Humans are enjoying longer, healthier, and better lives. Nearly 100 million people died in major wars in the first half of the 20th century, but the leading states have managed to avoid direct military conflicts since 1945. In fact, interstate war, the norm throughout much of history, has almost ceased to exist. Conquest, too, has largely become a thing of the past. Many were shocked by Russia’s brazen annexation of Crimea in 2014, but we should recall that from the early 19th century to the early 20th century, there was roughly one conquest every 10 months. The average amount of territory conquered in this period equaled about 11 Crimeas per year. Today, conquest is extremely rare: according to Oona A. Hathaway and Scott J. Shapiro, since World War II, the chance that a given state would suffer a conquest fell from once in a lifetime to once or twice a millennium. Even the great scourge of terrorism is not unusually threatening today: in the West, it was much more common, and on average much more deadly, in the 1970s and ’80s. And while ethnic violence and civil wars continue around the world, Harvard’s Steven Pinker explains that “we may be living in the most peaceable era in our species’ existence.”
And yet, you would never know it judging from the statements of U.S. government officials. Apparently, that is exactly the way they want it. In February 2017, newly installed White House press secretary Sean Spicer explained, “What we need to do is to remind people that the Earth is a very dangerous place these days.” Other Trump administration officials complied with Spicer’s instructions. In April of that year, Department of Homeland Security Secretary John Kelly described the terrorist threat in sensational, ominously existential terms: “We are under attack from terrorists both within and outside of our borders.… They have a single mission, and that is our destruction. And I tell you, without exaggeration, they try to carry out this mission each and every single day, and no one can tell you how to stop it. No one.”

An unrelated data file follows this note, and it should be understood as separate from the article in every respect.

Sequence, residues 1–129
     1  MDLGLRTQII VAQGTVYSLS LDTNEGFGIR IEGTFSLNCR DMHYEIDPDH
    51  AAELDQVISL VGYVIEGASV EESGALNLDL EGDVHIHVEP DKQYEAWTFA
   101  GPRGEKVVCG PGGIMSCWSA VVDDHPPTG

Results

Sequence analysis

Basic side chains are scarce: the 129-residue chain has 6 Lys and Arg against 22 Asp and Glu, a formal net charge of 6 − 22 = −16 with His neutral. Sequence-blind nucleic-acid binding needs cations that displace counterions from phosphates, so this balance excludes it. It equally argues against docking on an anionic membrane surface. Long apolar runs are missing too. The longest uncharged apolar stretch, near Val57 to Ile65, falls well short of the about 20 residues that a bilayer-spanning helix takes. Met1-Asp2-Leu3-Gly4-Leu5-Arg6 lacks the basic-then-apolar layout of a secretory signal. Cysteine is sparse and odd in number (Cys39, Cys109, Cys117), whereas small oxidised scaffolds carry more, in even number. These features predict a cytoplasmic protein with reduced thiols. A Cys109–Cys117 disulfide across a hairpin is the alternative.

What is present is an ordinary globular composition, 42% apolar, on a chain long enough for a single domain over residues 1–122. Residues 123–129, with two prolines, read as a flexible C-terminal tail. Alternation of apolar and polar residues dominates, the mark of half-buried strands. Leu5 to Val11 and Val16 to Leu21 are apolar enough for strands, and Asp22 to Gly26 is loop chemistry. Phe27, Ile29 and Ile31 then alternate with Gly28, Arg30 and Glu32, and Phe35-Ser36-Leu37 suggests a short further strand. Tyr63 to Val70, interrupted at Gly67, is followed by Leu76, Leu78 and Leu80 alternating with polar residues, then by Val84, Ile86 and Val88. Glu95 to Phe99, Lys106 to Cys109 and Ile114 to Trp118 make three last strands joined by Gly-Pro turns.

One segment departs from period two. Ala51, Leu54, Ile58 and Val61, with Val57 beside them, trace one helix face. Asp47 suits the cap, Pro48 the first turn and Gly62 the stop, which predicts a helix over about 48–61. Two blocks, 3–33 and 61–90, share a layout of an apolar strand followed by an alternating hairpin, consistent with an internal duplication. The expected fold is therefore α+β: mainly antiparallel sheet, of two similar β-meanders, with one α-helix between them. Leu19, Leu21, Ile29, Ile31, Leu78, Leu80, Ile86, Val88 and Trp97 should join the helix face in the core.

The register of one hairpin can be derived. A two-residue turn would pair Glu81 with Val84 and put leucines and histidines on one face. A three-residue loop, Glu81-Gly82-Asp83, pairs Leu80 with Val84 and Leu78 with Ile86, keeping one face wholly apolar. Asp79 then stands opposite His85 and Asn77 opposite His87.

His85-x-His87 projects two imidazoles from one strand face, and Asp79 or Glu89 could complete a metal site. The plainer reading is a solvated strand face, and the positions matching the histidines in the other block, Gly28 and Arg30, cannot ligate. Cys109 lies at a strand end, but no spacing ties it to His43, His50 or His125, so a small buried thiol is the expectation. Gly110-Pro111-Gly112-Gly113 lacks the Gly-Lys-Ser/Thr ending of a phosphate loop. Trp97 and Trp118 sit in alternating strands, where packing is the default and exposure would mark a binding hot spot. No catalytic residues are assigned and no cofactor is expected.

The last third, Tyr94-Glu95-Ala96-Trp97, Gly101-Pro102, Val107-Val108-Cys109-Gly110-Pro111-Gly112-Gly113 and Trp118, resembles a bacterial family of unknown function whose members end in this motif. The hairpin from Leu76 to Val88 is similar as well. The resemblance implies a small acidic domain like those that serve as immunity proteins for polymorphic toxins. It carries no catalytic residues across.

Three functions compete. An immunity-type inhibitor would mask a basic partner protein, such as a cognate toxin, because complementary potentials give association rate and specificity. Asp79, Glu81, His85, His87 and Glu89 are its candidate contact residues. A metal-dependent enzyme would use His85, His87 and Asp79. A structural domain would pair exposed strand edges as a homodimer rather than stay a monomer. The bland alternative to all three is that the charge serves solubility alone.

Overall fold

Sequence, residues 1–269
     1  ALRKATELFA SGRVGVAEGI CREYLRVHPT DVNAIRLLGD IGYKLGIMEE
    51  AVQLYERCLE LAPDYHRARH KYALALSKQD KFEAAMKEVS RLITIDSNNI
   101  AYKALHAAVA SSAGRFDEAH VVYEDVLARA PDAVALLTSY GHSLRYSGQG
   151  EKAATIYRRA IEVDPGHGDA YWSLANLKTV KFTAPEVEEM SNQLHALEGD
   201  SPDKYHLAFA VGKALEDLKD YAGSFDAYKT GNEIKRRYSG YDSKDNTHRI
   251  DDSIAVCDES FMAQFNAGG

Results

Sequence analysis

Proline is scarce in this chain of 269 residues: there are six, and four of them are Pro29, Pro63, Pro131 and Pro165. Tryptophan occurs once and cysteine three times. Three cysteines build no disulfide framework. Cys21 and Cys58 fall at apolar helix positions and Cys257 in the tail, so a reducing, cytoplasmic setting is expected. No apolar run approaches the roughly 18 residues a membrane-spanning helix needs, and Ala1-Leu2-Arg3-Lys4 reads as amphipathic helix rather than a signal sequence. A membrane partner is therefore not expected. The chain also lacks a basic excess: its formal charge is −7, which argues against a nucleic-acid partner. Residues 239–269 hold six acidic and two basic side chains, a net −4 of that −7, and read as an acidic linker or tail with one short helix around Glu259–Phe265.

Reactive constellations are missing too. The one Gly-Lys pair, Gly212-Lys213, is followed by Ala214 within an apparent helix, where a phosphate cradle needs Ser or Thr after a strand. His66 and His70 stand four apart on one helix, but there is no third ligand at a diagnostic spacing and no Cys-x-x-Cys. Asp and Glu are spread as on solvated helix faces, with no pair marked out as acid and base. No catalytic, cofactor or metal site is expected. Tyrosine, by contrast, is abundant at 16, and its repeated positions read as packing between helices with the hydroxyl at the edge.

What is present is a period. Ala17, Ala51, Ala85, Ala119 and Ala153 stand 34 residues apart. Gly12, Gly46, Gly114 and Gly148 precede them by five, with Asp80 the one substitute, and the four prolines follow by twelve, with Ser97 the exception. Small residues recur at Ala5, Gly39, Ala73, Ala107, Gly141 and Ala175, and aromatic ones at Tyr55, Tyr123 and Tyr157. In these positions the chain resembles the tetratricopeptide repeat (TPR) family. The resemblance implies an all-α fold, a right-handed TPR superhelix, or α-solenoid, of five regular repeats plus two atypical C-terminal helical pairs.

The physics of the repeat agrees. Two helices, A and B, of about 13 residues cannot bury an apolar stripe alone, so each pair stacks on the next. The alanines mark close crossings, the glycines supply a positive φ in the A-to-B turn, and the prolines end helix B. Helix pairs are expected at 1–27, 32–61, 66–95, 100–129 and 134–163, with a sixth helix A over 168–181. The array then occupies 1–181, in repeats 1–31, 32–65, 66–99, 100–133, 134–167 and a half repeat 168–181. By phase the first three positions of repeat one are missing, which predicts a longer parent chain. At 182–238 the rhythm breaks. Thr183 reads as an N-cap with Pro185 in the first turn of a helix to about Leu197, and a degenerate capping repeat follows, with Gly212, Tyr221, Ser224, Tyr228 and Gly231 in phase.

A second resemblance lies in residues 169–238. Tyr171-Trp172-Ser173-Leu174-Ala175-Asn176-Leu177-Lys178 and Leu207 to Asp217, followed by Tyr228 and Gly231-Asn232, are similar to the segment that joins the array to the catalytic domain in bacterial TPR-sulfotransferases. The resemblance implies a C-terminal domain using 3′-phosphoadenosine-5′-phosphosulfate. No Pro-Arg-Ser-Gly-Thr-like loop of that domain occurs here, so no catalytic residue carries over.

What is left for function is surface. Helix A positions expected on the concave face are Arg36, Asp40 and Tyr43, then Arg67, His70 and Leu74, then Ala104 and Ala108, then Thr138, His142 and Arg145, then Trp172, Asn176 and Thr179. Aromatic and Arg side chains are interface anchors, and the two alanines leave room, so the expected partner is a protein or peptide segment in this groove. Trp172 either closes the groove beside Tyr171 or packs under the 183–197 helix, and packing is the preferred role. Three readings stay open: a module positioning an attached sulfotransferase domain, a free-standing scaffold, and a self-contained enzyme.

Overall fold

Despite such warnings—and the Trump administration’s policies—nothing appears to have changed over the next two years. Indeed, judging from Trump’s own appointees, the problem seems only to be getting worse. In March 2019, for example, acting Secretary of Defense Pat Shanahan warned, despite ample evidence to the contrary, that “the world continues to get more dangerous.”
And, of course, they worry about China. It seems as though nearly everyone is on that game. Sen. Marco Rubio (R-FL) opined of China: “I’m not sure in the 240‐year history of this nation that we’ve ever faced a competitor and potential adversary of this scale, scope, and capacity.” Not to be outdone, a front‐page headline in the Washington Times warns: “China has power to crush U.S. in Pacific within hours.”
A 2018 Government Accountability Office list of long‐range emerging threats, assembled from a survey of four federal agencies, includes 26 entries in four broad categories.
Surely, there are national security concerns worth preparing for, but we should all strive to keep things in perspective. When politicians or members of the media ignore the context, or claim that a particular danger is greater than anything we have ever faced, the rest of us are entitled to a degree of skepticism.